AI is becoming faster and more intelligent

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Cat Mules

Even though businesses take varied paths to AI, top-down, human-led solutions are becoming the new norm.

Researchers predicts that, with the right tools and collaborations, AI projects will soon be less artificial and more intelligent.

Instead of needing to rely on machine learning to think up different scenarios with swathes of backlogged data, future AI projects are likely to be faster and more intelligent, and require less data.

This may come as some relief to businesses struggling with data quality issues, or figuring out how best to fit different AI systems together.

Here are three ways AI is being fast-tracked to reveal a more human-led automated future.


  • Personalisation from smart homes

Increasingly, smart homes will not just live up to but exceed our expectations. Your house is now able to use sensors, devices, applications and whole rooms to collect data on how you use it. Having learnt about your habits and consumption patterns using complex algorithms, your house will then personalise your experience at a granular level.

Late last year, AppleAmazonGoogle, and Zigbee, announced their push to develop standards for Internet-connected smart home devices that can interoperate – exciting news for many consumers frustrated with products working in isolation.


  • Instant healthcare insights

With staff shortages and overwhelming workloads, AI tools are being fast-tracked to help speed up healthcare delivery and better manage patient outcomes.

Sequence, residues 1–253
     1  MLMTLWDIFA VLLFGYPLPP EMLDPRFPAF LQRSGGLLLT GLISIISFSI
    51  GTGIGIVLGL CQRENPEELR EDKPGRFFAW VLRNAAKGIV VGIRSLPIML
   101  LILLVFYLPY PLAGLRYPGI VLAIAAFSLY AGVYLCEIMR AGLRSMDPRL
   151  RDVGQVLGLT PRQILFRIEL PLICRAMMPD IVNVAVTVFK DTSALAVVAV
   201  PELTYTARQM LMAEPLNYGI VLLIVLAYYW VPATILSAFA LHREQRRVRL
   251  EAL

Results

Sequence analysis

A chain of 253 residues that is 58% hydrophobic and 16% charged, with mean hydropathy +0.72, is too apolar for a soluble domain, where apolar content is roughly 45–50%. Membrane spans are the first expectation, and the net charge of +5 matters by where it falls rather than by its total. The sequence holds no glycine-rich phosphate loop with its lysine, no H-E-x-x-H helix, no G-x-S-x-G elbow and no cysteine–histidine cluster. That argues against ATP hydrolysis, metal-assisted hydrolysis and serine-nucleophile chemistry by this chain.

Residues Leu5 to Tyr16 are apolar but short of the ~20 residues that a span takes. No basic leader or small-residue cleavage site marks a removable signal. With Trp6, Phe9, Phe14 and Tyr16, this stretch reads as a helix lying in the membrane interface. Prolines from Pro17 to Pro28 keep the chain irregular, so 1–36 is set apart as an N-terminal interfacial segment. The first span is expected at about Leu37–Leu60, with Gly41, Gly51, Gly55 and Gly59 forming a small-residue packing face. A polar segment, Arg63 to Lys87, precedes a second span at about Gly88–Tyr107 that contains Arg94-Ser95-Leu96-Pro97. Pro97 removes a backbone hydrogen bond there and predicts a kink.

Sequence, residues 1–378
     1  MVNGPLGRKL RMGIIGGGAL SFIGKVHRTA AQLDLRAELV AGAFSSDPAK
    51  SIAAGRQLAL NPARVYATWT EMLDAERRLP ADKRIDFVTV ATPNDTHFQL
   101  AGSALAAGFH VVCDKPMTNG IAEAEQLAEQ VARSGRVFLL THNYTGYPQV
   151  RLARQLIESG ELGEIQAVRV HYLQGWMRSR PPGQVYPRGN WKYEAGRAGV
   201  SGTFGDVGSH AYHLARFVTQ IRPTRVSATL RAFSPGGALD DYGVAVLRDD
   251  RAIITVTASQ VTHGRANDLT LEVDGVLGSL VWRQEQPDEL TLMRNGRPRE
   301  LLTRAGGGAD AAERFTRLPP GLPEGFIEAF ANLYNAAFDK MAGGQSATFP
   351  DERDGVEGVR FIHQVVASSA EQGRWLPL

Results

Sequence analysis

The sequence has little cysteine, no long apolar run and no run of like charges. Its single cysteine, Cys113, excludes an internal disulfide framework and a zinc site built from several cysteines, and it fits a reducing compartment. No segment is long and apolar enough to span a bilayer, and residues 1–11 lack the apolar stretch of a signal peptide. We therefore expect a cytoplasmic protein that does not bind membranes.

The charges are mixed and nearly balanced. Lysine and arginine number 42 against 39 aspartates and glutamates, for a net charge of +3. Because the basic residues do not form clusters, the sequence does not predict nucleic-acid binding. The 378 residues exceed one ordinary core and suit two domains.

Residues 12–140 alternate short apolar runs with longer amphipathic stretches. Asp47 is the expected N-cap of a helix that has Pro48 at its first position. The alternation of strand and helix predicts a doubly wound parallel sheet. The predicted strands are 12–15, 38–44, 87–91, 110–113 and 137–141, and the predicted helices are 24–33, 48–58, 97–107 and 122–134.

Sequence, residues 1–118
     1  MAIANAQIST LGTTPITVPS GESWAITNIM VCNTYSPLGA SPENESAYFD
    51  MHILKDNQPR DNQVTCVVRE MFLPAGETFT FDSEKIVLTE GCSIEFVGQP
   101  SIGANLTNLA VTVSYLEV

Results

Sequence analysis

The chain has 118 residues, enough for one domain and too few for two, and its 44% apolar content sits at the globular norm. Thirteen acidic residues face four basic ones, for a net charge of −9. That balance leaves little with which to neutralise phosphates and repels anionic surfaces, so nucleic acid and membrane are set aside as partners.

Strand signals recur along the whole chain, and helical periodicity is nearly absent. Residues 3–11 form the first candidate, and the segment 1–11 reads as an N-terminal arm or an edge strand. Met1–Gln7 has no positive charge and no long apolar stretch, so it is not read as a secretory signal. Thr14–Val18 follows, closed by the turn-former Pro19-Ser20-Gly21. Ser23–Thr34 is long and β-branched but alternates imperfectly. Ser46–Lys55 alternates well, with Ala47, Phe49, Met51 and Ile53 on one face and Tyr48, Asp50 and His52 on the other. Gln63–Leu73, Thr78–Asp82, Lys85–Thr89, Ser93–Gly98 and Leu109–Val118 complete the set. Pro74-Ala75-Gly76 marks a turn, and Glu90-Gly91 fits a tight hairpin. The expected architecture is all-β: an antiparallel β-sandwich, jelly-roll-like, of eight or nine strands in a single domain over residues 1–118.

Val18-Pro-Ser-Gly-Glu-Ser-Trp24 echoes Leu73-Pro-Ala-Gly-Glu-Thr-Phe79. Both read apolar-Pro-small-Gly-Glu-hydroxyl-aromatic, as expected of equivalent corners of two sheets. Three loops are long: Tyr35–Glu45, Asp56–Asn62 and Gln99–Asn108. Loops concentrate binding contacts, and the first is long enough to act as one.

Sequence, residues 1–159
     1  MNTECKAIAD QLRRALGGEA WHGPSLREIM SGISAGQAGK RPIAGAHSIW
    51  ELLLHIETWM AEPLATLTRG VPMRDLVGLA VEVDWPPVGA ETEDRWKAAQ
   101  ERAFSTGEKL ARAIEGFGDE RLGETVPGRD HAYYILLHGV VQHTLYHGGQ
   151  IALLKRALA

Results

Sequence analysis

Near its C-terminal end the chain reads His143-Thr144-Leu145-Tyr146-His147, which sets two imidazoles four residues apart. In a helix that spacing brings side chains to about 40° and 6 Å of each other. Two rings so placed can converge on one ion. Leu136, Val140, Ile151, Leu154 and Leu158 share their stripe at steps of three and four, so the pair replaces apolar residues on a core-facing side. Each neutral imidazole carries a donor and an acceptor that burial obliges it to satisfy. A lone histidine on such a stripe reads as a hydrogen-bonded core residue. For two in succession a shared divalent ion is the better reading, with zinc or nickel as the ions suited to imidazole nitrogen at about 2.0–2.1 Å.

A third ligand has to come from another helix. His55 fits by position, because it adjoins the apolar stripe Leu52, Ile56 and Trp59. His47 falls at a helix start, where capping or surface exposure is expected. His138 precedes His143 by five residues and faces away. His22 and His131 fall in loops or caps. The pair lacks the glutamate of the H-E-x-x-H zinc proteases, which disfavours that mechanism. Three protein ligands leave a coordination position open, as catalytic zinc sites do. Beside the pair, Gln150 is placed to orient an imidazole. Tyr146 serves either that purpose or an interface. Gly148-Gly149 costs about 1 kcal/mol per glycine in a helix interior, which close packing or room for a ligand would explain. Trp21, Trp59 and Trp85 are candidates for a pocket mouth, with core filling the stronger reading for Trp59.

New Zealand’s own global digital health provider, Aceso, with cloud-service partner Umbrellar, in 2018 created a first-of-its-kind instant data warehousing solution for medical imaging specialists, Mercy Radiology.

The dashboard delivered immediate insights to enable Mercy Radiology staff to rapidly understand and guide future decision-making for the business’ data strategy.

Aceso explains their ‘fast delivery’ mentality was key: get something up and running as quickly as possible, and then learn and iterate.


  • Driverless cars

Autonomous vehicles use advanced AI capabilities, including automated vehicle guidance and braking, cameras and sensors for collision avoidance, and lane-changing systems. Sensors able to pick up on data in real-time allow vehicles to stick to their lane, avoid other vehicles, slow down and stop when needed – all doing so instantly to avoid accidents and ensure safety.

According to self-driving vehicle company Waymo – formerly the Google self-driving car project, their “self-driving sensor suite consists of LiDAR [light detection and ranging], cameras, and radar, as well as microphones to detect sounds such as sirens” that are meant to mimic a “person’s own five senses”.

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Cat Mules

Umbrellar's Digital Journalist, coming from a background in tech reporting and research. Cat's inspired by the epic potential of tech and helping kiwi innovators share their success stories.

Aceso Health

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Aceso is a digital health technology provider with a mission to make health better for all.

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